Knowing me, knowing you: the role of trust, locus of control and privacy concern in acceptance of domestic electricity demand-side response
6 June 2015
Choosing to take part in a demand-side response (DSR) programme entails accepting external influence over one’s energy consumption patterns, such as through price or direct load control (DLC) signals. If participation is low, the programme will be ineffective. How might people’s perceptions of their relationship with the influencing entity affect the likelihood of participation? This study used a representative survey of Great Britain (N=2002) to explore the importance of trust, privacy concern and locus of control for acceptance of different approaches to influencing electricity consumption. Survey respondents were randomly shown a description of one of five DSR products (static time of use [TOU] tariff, static TOU with automated response to price changes, dynamic TOU, dynamic TOU with automated response, and DLC), framed as being offered by their electricity supplier. They then responded to a number of scales including those intended to measure trust in their supplier, privacy concern and locus of control. Controlling for demographic variables, trust in electricity supplier was significantly positively associated with acceptance of all tariffs, although the effect size was smaller for the automated TOU tariffs. The specific measure of trust in the supplier to ensure a reliable electricity supply was significantly negatively associated with acceptance of the dynamic TOU tariff. Privacy concern was significantly negatively associated with acceptance of all tariffs, with the strongest effect for the automated dynamic TOU tariff. Locus of control was a significant factor only in the case of DLC, where external locus was related to higher acceptance. These results suggest the existing low levels of trust in energy companies in the UK may present a challenge in securing uptake of DSR, and an opportunity to trusted entrants from other sectors. Automation within the home may mitigate trust concerns, but people must have confidence in the privacy of this arrangement. DLC may be viewed especially positively by people who currently perceive themselves to have little control over their energy use, but protections should be in place to ensure they are not exploited.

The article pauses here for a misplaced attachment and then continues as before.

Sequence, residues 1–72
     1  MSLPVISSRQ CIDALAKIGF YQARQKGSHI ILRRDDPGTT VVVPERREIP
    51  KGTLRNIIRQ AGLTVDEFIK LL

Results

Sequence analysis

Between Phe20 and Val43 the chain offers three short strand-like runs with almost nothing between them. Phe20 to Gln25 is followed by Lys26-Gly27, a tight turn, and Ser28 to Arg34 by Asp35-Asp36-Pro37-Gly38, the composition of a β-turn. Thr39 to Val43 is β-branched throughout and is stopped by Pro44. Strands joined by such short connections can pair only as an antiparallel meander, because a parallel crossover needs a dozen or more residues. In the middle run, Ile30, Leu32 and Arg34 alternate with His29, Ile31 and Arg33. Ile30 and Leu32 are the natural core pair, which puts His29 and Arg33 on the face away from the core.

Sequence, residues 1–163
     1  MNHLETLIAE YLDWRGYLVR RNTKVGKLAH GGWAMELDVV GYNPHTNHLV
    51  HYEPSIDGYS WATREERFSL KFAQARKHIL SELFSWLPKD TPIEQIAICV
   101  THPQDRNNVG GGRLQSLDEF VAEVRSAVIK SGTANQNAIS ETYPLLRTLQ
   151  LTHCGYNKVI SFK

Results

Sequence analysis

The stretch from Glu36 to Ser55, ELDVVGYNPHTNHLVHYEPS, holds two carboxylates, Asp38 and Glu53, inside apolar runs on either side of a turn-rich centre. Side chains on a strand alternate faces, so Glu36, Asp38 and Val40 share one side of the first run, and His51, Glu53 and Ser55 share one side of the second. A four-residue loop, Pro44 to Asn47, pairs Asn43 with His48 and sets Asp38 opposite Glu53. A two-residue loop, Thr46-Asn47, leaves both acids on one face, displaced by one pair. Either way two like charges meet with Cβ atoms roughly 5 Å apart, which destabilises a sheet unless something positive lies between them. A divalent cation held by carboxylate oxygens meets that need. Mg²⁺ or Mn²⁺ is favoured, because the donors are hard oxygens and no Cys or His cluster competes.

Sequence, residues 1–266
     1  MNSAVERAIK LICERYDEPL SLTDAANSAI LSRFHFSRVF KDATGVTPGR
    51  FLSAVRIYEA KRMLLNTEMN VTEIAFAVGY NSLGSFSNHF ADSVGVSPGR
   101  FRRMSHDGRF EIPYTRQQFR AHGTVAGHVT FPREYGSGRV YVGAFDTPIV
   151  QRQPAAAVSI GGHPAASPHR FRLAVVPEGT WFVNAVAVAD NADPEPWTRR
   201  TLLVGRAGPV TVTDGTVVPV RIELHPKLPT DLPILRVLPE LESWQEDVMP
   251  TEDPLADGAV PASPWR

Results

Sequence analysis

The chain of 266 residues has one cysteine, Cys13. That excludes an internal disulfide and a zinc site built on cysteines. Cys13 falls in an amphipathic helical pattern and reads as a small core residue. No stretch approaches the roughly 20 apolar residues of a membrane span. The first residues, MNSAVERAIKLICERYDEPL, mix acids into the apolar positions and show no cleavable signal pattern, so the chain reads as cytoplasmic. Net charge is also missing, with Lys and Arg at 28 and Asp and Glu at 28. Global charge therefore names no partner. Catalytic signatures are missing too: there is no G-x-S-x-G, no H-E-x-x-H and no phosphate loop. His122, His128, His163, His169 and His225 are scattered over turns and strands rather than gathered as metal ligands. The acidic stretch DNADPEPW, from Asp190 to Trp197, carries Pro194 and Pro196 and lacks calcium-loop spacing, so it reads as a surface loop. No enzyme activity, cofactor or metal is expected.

Knowing me, knowing you: the role of trust, locus of control and privacy concern in acceptance of domestic electricity demand-side response. eceee 2015 Summer Study Hyeres, France.
Fell, M.J., Shipworth, D., Huebner, G.M., Elwell, C.A. (2015)